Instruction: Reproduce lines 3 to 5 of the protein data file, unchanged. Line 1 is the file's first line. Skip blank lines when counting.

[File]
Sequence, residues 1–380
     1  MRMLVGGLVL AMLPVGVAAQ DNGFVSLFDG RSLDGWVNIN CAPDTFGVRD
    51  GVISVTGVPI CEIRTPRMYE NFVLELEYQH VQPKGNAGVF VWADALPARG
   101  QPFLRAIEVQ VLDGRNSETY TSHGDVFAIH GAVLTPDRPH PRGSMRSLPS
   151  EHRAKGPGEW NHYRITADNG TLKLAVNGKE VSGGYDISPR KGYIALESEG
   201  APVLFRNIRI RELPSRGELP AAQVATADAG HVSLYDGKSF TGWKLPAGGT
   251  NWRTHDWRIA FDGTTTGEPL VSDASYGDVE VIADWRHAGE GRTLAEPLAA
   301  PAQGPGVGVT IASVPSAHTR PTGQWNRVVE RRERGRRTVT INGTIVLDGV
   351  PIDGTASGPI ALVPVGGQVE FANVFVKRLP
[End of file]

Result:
    51  GVISVTGVPI CEIRTPRMYE NFVLELEYQH VQPKGNAGVF VWADALPARG
   101  QPFLRAIEVQ VLDGRNSETY TSHGDVFAIH GAVLTPDRPH PRGSMRSLPS
   151  EHRAKGPGEW NHYRITADNG TLKLAVNGKE VSGGYDISPR KGYIALESEG